A strain of bird flu that has devastated poultry farms across the Midwest has reached Michigan.
The Michigan Department of Natural Resources confirmed the first cases of highly pathogenic avian flu H5N2 in the state. They were found in wild geese in Macomb County.
Surrounding states and Ontario have all seen cases already – so state wildlife officials say this wasn’t a surprise.
“This is the largest animal disease outbreak ever in the United States,” said James Averill, a state veterinarian with Michigan’s agriculture department.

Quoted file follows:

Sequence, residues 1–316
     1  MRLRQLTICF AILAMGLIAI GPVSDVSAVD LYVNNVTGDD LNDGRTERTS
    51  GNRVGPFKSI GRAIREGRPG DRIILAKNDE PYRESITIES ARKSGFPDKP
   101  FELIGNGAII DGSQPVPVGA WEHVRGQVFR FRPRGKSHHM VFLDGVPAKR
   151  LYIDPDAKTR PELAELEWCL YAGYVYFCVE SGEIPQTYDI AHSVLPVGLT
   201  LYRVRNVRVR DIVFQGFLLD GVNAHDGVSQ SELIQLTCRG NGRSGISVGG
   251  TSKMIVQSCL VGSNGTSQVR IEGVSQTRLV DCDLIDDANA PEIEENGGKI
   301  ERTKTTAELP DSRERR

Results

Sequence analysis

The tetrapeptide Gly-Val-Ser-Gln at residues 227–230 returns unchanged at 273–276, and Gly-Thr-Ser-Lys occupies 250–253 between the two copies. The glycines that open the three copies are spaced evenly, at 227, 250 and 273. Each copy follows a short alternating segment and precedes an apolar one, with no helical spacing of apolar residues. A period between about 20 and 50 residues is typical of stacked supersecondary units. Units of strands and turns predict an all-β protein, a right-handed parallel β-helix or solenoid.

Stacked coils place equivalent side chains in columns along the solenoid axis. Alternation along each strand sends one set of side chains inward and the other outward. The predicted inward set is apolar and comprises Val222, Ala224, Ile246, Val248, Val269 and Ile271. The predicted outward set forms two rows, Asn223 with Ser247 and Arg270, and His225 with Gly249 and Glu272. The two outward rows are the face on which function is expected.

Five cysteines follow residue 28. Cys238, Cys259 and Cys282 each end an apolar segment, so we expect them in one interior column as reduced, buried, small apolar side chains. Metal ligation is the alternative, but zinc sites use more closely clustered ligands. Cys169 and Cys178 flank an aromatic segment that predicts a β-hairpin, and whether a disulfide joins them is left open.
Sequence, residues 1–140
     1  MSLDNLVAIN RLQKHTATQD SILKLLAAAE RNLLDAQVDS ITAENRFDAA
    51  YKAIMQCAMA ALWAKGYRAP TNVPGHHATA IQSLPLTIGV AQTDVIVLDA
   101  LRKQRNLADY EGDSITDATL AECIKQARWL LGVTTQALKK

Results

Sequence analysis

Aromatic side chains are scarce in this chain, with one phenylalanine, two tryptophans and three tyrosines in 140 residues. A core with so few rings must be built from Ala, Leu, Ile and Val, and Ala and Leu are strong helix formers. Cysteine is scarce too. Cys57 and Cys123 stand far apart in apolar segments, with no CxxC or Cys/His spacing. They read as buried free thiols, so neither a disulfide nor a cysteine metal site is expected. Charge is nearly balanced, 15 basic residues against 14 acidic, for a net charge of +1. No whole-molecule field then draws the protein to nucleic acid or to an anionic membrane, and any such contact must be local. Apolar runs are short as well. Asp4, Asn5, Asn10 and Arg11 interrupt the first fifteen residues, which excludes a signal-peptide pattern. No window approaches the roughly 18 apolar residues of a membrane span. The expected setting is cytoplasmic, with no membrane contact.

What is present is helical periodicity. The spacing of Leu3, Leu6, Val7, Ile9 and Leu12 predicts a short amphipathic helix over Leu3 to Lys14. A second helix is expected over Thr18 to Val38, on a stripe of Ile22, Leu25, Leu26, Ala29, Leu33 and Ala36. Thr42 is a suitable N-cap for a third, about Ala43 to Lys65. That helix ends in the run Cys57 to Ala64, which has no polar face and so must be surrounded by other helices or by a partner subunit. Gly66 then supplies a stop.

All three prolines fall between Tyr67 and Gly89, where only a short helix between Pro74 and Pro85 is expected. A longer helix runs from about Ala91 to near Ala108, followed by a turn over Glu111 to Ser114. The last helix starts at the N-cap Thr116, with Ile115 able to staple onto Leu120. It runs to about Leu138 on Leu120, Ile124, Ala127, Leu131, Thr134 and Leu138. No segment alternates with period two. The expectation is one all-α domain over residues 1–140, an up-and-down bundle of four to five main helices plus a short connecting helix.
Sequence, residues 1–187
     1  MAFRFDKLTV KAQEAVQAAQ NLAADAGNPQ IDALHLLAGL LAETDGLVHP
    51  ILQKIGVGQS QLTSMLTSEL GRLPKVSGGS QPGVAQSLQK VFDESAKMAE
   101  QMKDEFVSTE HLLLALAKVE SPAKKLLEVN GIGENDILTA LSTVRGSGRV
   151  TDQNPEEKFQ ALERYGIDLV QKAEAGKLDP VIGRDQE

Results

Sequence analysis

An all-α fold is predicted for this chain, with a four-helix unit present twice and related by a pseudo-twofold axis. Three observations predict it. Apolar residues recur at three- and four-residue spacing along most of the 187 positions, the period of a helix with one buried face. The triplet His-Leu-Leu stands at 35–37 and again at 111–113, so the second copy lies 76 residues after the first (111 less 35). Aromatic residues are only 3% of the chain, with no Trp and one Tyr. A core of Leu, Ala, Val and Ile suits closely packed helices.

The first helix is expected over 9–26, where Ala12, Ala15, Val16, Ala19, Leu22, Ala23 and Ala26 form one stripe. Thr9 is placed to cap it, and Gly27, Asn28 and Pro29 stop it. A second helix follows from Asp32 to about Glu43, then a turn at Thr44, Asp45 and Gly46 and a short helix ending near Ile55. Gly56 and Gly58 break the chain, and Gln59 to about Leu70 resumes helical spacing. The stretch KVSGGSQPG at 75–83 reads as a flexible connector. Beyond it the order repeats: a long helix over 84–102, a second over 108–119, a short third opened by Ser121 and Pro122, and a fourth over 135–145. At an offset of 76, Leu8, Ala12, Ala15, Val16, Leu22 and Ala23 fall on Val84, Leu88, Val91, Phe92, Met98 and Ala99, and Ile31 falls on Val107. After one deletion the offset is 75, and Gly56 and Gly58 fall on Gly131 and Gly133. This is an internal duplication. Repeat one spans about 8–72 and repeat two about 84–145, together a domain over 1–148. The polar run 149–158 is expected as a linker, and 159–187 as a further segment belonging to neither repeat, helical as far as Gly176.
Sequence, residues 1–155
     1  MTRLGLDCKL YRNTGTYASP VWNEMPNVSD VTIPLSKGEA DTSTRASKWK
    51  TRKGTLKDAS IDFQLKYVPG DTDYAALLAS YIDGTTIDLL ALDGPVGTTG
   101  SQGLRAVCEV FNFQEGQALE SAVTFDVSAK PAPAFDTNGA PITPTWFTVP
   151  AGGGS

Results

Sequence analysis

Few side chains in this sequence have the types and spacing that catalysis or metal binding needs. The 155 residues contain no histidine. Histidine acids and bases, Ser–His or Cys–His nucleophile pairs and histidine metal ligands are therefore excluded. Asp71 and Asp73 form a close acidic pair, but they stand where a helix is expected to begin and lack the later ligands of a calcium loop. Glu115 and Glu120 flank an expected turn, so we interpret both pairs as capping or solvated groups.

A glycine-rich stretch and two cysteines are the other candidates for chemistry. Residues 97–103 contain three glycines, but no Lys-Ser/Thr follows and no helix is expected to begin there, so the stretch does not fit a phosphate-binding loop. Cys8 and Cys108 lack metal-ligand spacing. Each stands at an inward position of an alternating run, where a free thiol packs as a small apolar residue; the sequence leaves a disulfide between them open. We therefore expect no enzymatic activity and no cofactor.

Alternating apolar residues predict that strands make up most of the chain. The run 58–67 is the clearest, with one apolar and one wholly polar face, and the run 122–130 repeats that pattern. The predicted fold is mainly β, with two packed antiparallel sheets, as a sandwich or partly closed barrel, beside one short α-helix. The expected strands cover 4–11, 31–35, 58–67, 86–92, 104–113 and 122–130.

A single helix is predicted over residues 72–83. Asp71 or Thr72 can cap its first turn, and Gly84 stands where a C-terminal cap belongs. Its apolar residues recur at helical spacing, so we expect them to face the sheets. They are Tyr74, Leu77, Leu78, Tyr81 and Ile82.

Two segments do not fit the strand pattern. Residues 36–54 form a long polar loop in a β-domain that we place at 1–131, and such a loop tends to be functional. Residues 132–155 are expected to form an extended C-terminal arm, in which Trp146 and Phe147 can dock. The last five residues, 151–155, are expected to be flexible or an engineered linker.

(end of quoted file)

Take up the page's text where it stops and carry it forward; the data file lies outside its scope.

“We are now part of a national conversation as the 21st state to be dealing with this subtype of influenza in poultry in birds since December of 2014.”
The disease can affect both domestic and free-ranging poultry. Officials don’t expect large population die-offs in wild birds.
“The problem is when certain strains and subtypes get into domestic poultry, they can kill large numbers of birds,” said Steve Schmitt, a state wildlife veterinarian.
Schmitt says that’s why the state is focusing on preventing the spread of the disease to domestic poultry.
Federal officials say the strain of avian flu has killed about 50 million turkeys and chickens in 15 states.
The U.S. Centers for Disease Control and Prevention says the risk to people is low.